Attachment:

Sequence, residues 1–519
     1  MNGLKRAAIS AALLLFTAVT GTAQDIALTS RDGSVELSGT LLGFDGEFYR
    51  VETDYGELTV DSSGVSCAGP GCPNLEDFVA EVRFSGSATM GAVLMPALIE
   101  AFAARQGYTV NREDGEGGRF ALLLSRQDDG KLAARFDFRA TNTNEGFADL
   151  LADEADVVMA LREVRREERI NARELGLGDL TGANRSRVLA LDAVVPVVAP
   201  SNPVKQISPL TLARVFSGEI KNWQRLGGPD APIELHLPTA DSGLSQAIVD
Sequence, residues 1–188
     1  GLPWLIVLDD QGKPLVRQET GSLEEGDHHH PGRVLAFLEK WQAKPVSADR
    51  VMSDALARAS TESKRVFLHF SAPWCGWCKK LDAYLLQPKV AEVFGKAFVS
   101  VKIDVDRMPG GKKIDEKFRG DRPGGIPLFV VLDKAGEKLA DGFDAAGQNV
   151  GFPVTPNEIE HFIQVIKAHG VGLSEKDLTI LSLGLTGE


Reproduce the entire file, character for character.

Sequence, residues 1–519
     1  MNGLKRAAIS AALLLFTAVT GTAQDIALTS RDGSVELSGT LLGFDGEFYR
    51  VETDYGELTV DSSGVSCAGP GCPNLEDFVA EVRFSGSATM GAVLMPALIE
   101  AFAARQGYTV NREDGEGGRF ALLLSRQDDG KLAARFDFRA TNTNEGFADL
   151  LADEADVVMA LREVRREERI NARELGLGDL TGANRSRVLA LDAVVPVVAP
   201  SNPVKQISPL TLARVFSGEI KNWQRLGGPD APIELHLPTA DSGLSQAIVD
Sequence, residues 1–188
     1  GLPWLIVLDD QGKPLVRQET GSLEEGDHHH PGRVLAFLEK WQAKPVSADR
    51  VMSDALARAS TESKRVFLHF SAPWCGWCKK LDAYLLQPKV AEVFGKAFVS
   101  VKIDVDRMPG GKKIDEKFRG DRPGGIPLFV VLDKAGEKLA DGFDAAGQNV
   151  GFPVTPNEIE HFIQVIKAHG VGLSEKDLTI LSLGLTGE